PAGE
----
The profit motive and individuals’ natural self-interest may be enough to sustain a dynamic economy for a little while, but I’ve never heard a satisfactory explanation of how laissez-faire capitalism (or anarcho-capitalism) can account for gradual threats to the environment or the well-being of our particular species even, in a long-term sense in which most of us as individuals may be unlikely to be directly affected, that much anyway within one lifetime. How does one reconcile self-interest with decisions with which we are confronted that will likely have huge impact on future generations? What are the mechanisms we have available to us as a society, as a species, to make decisions that may go against our immediate self-interest but be in the interest of those who come after? Or is that somehow against nature to even consider that—should we just do what we like now, what brings us the greatest possibility for profit within one lifetime, and let each generation after cope with the hand it has been dealt?

    1. Kathryn Fenner

      All pure laissez-faire capitalism is good at is maximizing wealth. It sucks at distributing it.
      It permits, nay–encourages, externalizing costs of the sort you trenchantly enumerate.

      —and studies repeatedly show, it does not maximize happiness. Having more income, after a certain moderate amount (~$70K in the US), not only does not correlate with increased happiness, it negatively correlates to it!

      1. Doug Ross

        So that would suggest that if you make more than 70k, you should give away everything above that amount. Willing to try?

        Next time to want to denigrate profit motive, don’t use a computer, cellphone, or the internet. Send in your comments handwritten on a piece of paper.

        1. Doug Ross

          Remember all those photos of happy Russians in food lines?

          The funniest hypocrites are upper class liberals.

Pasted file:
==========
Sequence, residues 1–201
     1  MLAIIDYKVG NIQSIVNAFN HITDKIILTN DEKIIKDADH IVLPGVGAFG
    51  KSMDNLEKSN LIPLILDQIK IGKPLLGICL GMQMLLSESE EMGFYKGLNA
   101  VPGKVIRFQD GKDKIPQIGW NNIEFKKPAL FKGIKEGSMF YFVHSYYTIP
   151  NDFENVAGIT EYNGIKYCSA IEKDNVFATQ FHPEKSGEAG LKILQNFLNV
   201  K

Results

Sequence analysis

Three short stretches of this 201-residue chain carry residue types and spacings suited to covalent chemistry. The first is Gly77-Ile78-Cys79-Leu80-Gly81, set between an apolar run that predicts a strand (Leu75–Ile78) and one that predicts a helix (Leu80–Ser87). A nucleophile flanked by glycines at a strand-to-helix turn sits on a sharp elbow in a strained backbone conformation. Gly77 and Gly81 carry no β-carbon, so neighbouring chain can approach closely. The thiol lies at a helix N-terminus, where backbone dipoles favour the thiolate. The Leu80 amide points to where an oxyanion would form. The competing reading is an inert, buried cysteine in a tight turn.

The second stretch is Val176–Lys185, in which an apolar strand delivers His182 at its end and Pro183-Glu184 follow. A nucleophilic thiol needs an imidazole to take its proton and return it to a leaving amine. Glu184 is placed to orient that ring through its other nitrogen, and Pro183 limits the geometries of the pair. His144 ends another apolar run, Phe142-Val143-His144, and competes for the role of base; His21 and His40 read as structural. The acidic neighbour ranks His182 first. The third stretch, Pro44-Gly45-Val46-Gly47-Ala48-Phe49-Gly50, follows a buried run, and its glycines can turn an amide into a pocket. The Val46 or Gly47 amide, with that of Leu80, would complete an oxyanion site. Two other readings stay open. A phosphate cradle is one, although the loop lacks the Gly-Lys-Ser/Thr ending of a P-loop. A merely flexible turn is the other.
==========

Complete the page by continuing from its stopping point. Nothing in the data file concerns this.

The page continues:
1. Kathryn Fenner

            It’s a long, reductive, cheap-shot way from pointing out that capitalism has flaws and that repeated scientific studies show that more money, past a certain point, does not create happiness, to Soviet bread lines.

            I suggest that rather than “giving away’ my income in excess of $70K (which, after retirement savings and taxes, is negligible, btws), we all could be more generous with our taxes and help those struggling with the outfall of capitalism, thus increasing total happiness, as well as wealth, and that we also heavily tax incomes over $70 K to provide free education for all who can benefit from it, adequate retirement income, significant environmental remediation, including buying back old polluting vehicles…..etc.

            1. Doug Ross

              You can be more generous but choose not to. Why is your retirement more important than making sure people have enough food to eat? Why are you so self-interested?

              The 70K study number is utter bunk. 70K for one person? For a family? Where – San Francisco or Columbia? Pre-tax or post-tax? Then define “happiness” for me. What is the measurement? What is the control group – people who had more than 70K and then lost it but felt happier? The number of variables involved make this study 98.4556% ridiculous. It’s junk data presented as fact.

              I’ve had 70K earnings and I’ve had more than 70K earnings. There’s no question that having more made (and the people I am responsible for and the charities I support) happier. The money flows down – to servers at nice restaurants who get big tips, to factory workers who produce high end goods, to people who work for airlines and cruise lines, to craftsmen who do home renovations, to people who run lawn services, to dog kennel operators…

              The whole notion of defining your own happiness by the ability to take more from those who have more is sad. In fact, I would be even happier with my > 70K salary if I didn’t have to think about other people wanting to take my money to give to their favorite charity.

            2. Kathryn Fenner